On 22 February, the Prime Minister announced the government’s proposed roadmap out of lockdown.
The road ahead
The government is hopeful that most of the economy will be able to open before the end of June, subject to four steps set against four key tests: How the vaccine roll-out is going; how vaccination is affecting hospitalisations and deaths, that infection rates are staying low and that new variants are not undermining the other three criteria.
Each step is separated by five weeks and at the end of the fourth week the government will review data and if it is deemed right to do so, proceed to the next step. This is so affected businesses will have a week’s notice to make the necessary arrangements to re-open their workplace.
Undergoing a Covid risk assessment
The starting point to transitioning into re-opening is to review your Covid risk assessment. It’s a document you should be familiar with as it underpins how to manage the risk of Covid transmission in the workplace. Like any risk assessment, it must be suitable and sufficient which means it must reflect any changes you anticipate in the workplace and/or activities that will soon recommence. For example, do you anticipate all staff returning on the same day, or if you are a retailer do you expect heavy footfall? In this case, the risk level will be higher.
Share your documentation with staff and ensure the primary risk control measures remain unaltered – social distancing, good hygiene, cleaning and disinfecting, ensuring good ventilation and, where appropriate, the wearing of masks.
Fortunately, there is an abundance of guidance available from the government which you may be familiar with that will help you with the Covid control measures you should have in place. The guidance is not law, but if you decide not to follow it you will have to show that you are taking other, equally effective measures. That will be the stance should you, for example, have a spot check from the Health & Safety Executive (H&SE).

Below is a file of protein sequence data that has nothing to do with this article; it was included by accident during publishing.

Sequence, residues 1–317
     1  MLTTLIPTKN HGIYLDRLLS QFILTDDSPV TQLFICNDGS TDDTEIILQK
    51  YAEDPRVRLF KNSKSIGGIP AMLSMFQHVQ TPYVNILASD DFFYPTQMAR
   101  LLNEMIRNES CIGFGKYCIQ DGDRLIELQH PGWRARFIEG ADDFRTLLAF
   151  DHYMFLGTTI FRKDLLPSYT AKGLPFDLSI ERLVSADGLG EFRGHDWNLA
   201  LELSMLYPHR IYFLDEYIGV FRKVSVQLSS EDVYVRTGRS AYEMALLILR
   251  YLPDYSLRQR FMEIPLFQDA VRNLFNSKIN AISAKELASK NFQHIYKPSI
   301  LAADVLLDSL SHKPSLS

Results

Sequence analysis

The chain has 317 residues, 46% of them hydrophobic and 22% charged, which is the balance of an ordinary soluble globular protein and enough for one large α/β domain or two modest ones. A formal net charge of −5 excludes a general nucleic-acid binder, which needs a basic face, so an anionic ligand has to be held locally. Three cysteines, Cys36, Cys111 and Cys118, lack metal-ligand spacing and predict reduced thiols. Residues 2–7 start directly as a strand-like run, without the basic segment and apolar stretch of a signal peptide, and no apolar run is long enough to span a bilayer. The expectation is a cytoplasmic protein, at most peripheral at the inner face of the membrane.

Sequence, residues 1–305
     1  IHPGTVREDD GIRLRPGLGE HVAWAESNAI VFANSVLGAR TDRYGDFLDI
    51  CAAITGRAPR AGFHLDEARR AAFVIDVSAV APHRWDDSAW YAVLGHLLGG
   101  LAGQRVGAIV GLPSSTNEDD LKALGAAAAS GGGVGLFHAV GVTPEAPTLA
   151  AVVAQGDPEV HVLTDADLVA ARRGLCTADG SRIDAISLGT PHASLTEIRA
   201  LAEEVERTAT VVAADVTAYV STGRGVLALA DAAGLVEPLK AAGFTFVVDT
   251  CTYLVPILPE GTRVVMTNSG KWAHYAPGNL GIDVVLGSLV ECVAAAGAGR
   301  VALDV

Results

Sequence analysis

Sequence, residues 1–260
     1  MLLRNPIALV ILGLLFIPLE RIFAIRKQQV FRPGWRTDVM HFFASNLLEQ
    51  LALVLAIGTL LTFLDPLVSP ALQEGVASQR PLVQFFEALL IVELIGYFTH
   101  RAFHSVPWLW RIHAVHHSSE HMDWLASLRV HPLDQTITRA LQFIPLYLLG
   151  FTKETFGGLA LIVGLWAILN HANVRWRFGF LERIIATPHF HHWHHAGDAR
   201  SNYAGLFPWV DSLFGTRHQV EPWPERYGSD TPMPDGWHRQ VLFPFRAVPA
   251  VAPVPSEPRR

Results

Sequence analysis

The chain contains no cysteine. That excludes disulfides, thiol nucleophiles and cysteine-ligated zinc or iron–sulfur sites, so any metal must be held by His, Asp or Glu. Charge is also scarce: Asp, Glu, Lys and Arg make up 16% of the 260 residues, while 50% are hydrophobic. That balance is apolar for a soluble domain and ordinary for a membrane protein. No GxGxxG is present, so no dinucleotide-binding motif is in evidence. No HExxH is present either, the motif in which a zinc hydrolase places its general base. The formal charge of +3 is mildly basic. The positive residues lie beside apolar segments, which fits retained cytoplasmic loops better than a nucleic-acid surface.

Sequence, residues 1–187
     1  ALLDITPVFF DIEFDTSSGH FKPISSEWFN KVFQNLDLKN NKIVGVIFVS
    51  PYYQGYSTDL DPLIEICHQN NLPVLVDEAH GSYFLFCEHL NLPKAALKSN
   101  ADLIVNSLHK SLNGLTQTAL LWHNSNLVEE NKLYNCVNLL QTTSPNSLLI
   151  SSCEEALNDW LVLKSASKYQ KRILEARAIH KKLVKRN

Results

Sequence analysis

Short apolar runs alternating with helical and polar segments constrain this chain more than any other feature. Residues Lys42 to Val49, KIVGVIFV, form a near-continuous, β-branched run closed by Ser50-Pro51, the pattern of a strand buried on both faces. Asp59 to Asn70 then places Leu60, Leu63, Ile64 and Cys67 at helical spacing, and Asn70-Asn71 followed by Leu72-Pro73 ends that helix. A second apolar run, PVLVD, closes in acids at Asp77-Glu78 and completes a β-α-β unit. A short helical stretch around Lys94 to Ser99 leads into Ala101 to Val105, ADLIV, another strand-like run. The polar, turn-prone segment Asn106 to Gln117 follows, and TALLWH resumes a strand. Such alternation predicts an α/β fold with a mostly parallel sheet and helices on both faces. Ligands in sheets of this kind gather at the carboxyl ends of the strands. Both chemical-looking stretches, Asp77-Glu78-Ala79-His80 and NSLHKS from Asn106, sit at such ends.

Conducting a workable assessment
All the pre-planning and a thorough appraisal of the workplace will pay dividends. Your Covid risk assessment should be workable, drawing upon those control measures that follow the hierarchy set out in health and safety legislation. This legislation requires you to explore additional measures – for example, using screens or barriers to separate people from each other and staggering arrival and departure times to minimise contact.
One of the primary risk control measures is to maintain two metre’s social distancing where possible. Install clear signage to remind workers and visitors or customers of social distancing guidance and to avoid sharing workstations. Use floor tape and arrange one-way traffic through the workplace where possible.
Make sure that you are monitoring adherence to these measures. A simple walk about will let you know if you are achieving the right behaviours.
Working from home
The government insists that that workers should continue to work from home where possible. Many workers will have been working from home for twelve months and it may be a few more months before they return to the workplace. Therefore, you should re-visit your homeworker assessments to ensure they are still effective. It may be advisable to step up the frequency with which you communicate with them as a return to work looks more possible. Continuing to look after their physical and mental wellbeing is most important and should support your business’s values and behaviours.